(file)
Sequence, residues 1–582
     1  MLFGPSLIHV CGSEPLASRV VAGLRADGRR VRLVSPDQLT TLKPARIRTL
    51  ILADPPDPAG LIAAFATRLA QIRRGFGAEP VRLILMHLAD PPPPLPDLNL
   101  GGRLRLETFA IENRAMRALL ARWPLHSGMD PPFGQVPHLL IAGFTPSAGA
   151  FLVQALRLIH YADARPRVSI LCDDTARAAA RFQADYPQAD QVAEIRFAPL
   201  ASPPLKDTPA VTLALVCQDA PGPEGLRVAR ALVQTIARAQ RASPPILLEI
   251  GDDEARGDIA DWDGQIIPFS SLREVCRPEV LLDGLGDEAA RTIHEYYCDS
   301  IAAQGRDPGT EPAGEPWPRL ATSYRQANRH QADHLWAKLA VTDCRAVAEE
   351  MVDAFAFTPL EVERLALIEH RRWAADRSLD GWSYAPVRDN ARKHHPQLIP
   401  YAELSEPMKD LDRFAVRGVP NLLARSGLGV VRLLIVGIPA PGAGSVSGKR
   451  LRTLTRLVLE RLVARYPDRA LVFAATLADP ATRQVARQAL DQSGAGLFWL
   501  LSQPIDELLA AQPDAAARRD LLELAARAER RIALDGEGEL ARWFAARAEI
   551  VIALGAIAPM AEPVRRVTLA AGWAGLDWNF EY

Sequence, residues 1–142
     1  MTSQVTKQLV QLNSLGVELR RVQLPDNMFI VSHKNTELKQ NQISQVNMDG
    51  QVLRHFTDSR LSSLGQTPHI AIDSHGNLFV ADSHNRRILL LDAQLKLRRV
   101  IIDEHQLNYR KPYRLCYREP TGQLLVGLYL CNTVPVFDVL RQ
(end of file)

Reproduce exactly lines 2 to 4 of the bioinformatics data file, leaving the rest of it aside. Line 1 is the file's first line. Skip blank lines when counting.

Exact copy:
     1  MLFGPSLIHV CGSEPLASRV VAGLRADGRR VRLVSPDQLT TLKPARIRTL
    51  ILADPPDPAG LIAAFATRLA QIRRGFGAEP VRLILMHLAD PPPPLPDLNL
   101  GGRLRLETFA IENRAMRALL ARWPLHSGMD PPFGQVPHLL IAGFTPSAGA